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  • Good to Know Series: Fraud Update

    Every year, $980 billion worth of fraudulent transactions are processed in the United States.  This number, from a recent webinar presented by Woodward Events and featuring Frank Abagnale (of "Catch Me if You Can" infamy), was so shockingly high that we felt it was time to share some of our thoughts on fraud and identity theft prevention. 


    1. Ensure segregation duties.  Under the Uniform Commercial Code, which all banks are required to follow, if fraudulent activity is discovered on an account, the bank is not liable for the charges if it can prove there was no segregation of duties and/or internal controls within the company. Make sure more than one person is involved in completing some or all of the bookkeeping tasks. Take steps to ensure the same individual is not printing and signing checks and reconciling the bank accounts.  Consider having a copy of the bank statement mailed to an offsite location for opening and review by an owner or other management.  75% of payments made from one company to another in the United States are via check, so review vendor names and addresses regularly to ensure checks are not being diverted.   

    2. Watch equipment.  In a recent survey conducted by CBS Evening News, 60% of business owners  did not know there was a hard drive in their printer or copier.  In truth, all digital copiers made after 2002 contain hard drives.  These drives will contain records of every single copy or print function that has ever been executed on the machine.  Some vendors will offer to encrypt them for a fee at time of purchase, but many do not.  Always ensure you remove the hard drive before trashing, selling, or returning equipment to a lessor.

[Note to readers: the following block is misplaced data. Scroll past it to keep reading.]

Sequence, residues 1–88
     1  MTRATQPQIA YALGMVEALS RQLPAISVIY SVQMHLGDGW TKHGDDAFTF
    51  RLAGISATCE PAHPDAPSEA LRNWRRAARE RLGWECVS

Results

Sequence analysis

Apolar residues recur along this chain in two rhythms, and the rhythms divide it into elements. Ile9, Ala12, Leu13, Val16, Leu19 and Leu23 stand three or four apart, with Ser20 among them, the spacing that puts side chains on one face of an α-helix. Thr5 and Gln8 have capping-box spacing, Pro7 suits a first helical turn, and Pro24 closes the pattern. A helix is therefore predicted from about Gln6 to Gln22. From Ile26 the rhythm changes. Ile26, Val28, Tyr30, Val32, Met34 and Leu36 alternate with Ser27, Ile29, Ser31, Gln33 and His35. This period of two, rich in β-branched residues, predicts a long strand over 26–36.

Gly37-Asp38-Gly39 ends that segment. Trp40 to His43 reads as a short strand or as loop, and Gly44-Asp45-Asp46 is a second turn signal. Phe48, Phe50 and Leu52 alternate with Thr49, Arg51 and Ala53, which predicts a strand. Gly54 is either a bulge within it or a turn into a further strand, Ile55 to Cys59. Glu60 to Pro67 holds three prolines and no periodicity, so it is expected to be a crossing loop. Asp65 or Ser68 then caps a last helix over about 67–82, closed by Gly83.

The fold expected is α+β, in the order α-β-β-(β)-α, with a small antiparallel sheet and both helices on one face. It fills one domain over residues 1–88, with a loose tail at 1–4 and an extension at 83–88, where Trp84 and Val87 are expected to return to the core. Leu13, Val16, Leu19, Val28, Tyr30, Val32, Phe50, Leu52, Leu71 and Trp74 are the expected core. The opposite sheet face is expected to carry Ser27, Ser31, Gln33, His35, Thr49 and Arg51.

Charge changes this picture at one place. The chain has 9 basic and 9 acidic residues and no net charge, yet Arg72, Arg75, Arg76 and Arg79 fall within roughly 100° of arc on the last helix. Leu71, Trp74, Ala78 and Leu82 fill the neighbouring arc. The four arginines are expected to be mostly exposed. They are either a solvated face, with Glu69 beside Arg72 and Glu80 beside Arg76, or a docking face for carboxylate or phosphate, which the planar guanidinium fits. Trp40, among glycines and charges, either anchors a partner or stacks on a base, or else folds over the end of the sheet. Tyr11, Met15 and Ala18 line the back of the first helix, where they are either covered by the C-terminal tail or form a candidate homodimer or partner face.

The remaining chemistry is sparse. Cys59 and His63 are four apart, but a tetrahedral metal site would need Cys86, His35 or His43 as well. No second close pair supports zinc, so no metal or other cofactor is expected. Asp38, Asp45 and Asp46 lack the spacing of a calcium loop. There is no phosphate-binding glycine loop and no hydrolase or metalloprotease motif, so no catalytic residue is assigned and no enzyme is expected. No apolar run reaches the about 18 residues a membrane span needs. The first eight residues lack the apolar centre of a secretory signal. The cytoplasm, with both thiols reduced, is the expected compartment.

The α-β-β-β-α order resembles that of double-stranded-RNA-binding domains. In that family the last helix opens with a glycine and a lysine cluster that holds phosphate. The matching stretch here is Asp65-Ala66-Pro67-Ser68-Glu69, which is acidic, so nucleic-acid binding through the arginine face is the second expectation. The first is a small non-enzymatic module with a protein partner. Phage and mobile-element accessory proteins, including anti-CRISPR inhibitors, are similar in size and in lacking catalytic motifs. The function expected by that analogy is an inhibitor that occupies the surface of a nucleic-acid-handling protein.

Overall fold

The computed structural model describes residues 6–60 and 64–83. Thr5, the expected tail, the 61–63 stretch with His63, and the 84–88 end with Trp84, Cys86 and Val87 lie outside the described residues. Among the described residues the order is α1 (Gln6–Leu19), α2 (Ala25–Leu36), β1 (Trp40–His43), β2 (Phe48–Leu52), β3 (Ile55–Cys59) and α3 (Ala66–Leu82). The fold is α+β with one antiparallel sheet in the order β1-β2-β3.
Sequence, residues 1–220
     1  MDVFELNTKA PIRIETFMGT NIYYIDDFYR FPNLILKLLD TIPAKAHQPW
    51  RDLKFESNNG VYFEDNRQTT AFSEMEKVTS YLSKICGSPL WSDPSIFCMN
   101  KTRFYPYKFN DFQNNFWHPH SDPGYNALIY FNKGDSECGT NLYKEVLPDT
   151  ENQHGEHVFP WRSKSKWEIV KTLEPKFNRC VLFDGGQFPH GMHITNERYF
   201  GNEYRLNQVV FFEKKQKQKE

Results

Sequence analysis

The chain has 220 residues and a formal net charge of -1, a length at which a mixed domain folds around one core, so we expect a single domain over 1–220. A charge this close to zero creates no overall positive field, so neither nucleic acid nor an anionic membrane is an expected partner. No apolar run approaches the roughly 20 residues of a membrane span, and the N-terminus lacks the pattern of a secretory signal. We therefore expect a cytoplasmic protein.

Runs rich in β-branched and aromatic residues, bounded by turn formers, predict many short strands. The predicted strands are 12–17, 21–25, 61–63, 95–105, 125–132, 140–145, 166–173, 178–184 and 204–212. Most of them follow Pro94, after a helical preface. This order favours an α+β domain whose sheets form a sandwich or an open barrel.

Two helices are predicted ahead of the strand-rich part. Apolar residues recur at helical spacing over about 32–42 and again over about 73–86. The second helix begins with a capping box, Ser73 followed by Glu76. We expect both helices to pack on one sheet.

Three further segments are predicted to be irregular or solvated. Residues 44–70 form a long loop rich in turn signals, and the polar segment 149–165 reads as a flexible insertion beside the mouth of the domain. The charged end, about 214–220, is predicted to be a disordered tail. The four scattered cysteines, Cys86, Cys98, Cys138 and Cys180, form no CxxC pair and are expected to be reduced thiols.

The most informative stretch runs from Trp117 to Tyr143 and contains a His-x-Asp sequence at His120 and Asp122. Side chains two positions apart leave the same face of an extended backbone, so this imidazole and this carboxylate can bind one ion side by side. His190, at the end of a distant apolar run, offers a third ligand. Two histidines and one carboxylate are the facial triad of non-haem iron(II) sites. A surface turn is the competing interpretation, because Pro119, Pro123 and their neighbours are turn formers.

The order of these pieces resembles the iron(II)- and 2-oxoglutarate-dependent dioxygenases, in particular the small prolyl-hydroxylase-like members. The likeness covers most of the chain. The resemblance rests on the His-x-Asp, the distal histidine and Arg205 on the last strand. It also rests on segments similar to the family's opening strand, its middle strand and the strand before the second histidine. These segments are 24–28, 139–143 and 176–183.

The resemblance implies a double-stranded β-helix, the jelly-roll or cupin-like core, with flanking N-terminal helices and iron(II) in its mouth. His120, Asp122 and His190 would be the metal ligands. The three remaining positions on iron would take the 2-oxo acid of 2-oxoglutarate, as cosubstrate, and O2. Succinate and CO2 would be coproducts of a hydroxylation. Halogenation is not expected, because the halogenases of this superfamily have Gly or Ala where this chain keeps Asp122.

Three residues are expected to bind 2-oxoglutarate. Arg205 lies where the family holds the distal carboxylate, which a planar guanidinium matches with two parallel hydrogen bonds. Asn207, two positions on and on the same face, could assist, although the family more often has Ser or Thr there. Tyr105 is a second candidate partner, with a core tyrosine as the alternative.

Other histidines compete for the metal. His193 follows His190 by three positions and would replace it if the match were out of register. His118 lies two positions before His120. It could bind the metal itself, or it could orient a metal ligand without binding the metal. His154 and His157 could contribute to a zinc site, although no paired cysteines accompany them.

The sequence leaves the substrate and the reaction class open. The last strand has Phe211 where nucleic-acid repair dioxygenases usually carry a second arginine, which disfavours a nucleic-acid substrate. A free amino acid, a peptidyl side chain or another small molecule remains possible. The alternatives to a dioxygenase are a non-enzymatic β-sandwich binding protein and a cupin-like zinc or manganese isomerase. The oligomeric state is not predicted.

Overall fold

3. Mobile isn't safe.  Many of us do our banking on applications on our mobile phones, but most cellphones do not have the same firewalls and security setups that computers today feature.  In addition, transactions initiated over wireless networks or data plans have the ability to be intercepted by hackers.  There is also a window of time for checks that are deposited via cell phone photography technology to be immediately taken to a bank and deposited again.  Mobile wallet technology carries similar risk to banking applications, and indeed, wireless payments are in effect doing business using an unsecured device.   


    Fraudulent events and information theft happen most often because of the human side of a transaction or company.  Therefore, education is the most important tool available to fight fraud.  Take action now to review you internal controls and evaluate your antifraud policies.  Consider implementing a code of ethics within your company.   


    Please check out for more information on fraud prevention.  We consult on internal control and policy and procedure manuals, so reach out to us if you think it's time to make a change. 

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